With the government's recommendations, since mid-March, the number of children in kindergartens has decreased, activities have been planned in a new way, and distance early childhood education has found its place in the vocabulary of early childhood educators. We want to highlight the significant work of early childhood educators and highlight the heroic deeds in the world of early childhood education as well.
We got to talk about the changed everyday life with Tiina Ullgrén, the director of the Lilliputti kindergarten, and Inka Mäkinen, the substitute teacher, who is actually raised by the Lilliputti kindergarten herself. Kindergarten Lilliputti is a private kindergarten for about 50 children in Oulu. The kindergarten's activities are based on Jean Piaget's active learning. The emphasis is on supporting the child's own activity and independence. Kindergarten favours goal-oriented planned activities in small groups, which enable the child's individual development to be supported. The kindergarten operates on three floors, and each group works on different floors.
How has everyday life in Lilliputti Kindergarten changed?
Tiina and Inka say that in recent weeks it has felt especially important to share everyday life and stick to the weekly plans made earlier. By following these, the implementation of early childhood education has been successful, as well as supporting the child's growth and monitoring its development in this situation. Kindergarten Lilliputti has made changes to child groups, they have operated in two groups instead of three. In turn, pedagogical documentation has been done in the same way as before for children in kindergarten, perhaps even better when the groups of children are smaller than usual. Events in child's day have been described, and information on these has been utilized in the planning and evaluation of activities. Everyday life at the kindergarten has also been shared with children at home. Inka and Tiina also highlight that it is essential to maintain the daily rhythm for the well-being of the children and support parents in this situation.
Why is early childhood education also crucial at a distance?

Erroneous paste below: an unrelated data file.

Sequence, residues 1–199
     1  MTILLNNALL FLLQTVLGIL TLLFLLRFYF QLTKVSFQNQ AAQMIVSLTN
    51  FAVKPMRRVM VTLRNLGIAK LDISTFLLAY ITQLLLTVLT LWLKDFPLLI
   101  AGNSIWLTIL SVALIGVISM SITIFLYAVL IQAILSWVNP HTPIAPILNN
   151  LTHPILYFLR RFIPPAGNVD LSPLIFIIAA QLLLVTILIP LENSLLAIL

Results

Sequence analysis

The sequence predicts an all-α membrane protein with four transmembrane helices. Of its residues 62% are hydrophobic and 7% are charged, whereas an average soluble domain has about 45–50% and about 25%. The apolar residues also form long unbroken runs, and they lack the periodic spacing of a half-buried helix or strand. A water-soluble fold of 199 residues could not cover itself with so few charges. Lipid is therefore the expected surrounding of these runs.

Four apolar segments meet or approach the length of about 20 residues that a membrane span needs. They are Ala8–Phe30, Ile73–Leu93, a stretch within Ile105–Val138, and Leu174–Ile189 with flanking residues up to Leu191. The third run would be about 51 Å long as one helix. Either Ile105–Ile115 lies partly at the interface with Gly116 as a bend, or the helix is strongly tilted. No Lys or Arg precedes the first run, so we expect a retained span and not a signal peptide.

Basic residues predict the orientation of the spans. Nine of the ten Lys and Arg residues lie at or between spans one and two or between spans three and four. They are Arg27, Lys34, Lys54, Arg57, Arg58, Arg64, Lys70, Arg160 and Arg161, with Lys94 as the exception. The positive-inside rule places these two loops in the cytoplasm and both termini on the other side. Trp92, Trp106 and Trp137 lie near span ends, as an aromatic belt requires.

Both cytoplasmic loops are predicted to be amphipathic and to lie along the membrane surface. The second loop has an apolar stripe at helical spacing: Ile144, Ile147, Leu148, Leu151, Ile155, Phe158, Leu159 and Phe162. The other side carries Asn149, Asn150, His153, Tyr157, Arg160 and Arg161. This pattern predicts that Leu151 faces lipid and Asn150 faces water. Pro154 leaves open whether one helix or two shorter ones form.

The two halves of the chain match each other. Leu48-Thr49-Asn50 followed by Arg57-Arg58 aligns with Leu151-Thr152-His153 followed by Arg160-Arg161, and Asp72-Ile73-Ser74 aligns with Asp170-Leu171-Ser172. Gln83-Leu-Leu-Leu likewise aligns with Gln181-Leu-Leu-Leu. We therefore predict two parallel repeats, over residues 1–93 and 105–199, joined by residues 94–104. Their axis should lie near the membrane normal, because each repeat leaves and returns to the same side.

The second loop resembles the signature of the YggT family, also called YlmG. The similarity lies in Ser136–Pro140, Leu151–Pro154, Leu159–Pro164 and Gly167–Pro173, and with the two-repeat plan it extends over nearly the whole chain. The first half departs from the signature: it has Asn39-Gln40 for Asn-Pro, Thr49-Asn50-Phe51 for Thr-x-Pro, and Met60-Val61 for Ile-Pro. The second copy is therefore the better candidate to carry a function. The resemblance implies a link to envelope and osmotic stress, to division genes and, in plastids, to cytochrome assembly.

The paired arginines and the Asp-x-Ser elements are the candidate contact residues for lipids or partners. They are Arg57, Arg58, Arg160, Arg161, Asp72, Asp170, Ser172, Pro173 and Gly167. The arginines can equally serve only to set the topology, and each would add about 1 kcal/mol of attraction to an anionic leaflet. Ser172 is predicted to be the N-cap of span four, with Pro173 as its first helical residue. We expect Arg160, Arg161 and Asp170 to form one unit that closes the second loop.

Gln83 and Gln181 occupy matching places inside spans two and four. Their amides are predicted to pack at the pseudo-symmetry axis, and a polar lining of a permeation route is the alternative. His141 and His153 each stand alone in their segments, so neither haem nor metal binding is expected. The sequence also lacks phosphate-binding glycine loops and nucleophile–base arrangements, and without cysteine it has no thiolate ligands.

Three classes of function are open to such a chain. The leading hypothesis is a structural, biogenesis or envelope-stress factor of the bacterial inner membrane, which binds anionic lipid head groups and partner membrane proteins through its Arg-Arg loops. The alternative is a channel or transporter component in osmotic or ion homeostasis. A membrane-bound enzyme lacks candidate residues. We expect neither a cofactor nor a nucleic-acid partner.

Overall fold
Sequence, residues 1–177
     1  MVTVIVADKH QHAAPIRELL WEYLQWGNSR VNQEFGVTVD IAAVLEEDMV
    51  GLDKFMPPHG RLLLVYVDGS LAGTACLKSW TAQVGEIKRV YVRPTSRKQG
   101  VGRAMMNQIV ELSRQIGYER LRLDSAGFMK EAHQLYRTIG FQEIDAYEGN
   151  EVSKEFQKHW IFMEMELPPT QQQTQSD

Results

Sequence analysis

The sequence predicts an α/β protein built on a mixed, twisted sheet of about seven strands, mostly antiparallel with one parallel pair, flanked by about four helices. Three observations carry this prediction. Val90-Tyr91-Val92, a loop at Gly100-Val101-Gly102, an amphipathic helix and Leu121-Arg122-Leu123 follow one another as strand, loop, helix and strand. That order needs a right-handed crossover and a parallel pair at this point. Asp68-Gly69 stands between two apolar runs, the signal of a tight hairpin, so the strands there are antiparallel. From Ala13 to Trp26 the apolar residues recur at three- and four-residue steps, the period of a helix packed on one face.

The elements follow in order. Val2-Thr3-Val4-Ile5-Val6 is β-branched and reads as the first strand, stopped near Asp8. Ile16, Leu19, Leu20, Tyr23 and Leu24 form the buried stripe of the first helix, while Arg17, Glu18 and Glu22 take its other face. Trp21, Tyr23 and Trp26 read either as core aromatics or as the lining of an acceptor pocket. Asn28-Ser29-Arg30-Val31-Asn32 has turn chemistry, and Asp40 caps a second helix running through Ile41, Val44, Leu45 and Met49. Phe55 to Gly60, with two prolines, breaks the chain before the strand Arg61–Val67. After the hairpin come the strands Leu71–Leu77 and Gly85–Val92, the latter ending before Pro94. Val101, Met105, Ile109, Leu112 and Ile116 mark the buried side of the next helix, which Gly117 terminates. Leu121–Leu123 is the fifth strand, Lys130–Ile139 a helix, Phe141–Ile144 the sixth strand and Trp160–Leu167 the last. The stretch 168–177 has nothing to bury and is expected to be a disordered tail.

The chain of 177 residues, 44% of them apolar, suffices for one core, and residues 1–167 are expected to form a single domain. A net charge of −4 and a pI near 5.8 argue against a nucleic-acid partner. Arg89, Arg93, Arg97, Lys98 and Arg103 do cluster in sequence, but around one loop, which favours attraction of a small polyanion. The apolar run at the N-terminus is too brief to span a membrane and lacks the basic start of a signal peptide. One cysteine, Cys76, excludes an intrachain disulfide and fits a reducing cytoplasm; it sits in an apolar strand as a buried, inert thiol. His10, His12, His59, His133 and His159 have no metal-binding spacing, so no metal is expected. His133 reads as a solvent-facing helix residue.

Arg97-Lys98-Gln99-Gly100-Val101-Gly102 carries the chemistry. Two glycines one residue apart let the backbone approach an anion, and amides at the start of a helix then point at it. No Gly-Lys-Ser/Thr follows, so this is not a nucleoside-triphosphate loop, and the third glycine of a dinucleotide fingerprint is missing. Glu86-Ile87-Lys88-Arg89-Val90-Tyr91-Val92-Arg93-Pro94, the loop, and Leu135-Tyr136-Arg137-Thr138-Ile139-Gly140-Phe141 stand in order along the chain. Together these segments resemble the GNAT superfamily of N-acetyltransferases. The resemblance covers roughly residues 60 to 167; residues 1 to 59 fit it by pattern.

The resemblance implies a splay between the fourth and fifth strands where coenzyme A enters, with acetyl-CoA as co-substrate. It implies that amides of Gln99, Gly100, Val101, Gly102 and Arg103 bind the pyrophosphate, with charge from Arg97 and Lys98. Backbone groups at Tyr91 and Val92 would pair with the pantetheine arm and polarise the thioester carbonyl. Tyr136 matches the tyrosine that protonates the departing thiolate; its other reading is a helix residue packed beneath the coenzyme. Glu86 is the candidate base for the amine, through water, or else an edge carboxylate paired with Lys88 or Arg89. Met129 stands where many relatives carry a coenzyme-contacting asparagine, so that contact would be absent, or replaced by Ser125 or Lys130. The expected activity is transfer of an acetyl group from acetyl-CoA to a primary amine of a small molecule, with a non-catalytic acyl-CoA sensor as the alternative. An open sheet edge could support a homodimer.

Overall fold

Inka points out that the Early Childhood Education Act in Finland defines that all children are given equal opportunities to participate in early childhood education. Right now, this means also distance early childhood education. Regular day rhythms and contact with the kindergarten group and familiar adults create a meaningful everyday life for the child, even in a unique and scary situation. Inka also emphasizes the importance of maintaining children's social relations going on and supporting children's cohesion, which they have also invested in over the past few weeks. Tiina says that they have also successfully distributed various tasks and materials at home, for example, they sent gym videos to children at home and immediately received a video in response, in which this was directly utilized at home.
Inka thinks that with distance early childhood education, the learning environment of the kindergarten is expanded when technology and digital devices are utilized. At the same time, the early childhood education plan becomes closer to the parents when it is possible to link the activities to the learning areas and make this easily visible to the parents also with the help of technology.
Tiina and Inka share four tips for good early childhood education
1) Plan activities that are also feasible at home
2) Try something new despite the unusual situation - for example, digital pedagogical documentation
3) Support parents, be present and encourage sharing of everyday life
4) Keep in mind the future and a safe landing in early childhood education
Here at TinyApp, we believe that new environments, whether physical environments or virtual environments are worth exploring step by step. Watch here Tiina and Inka's full interview about everyday life in Lilliputti (available only in Finnish) and share with us your daily successes and thoughts on distant early childhood education.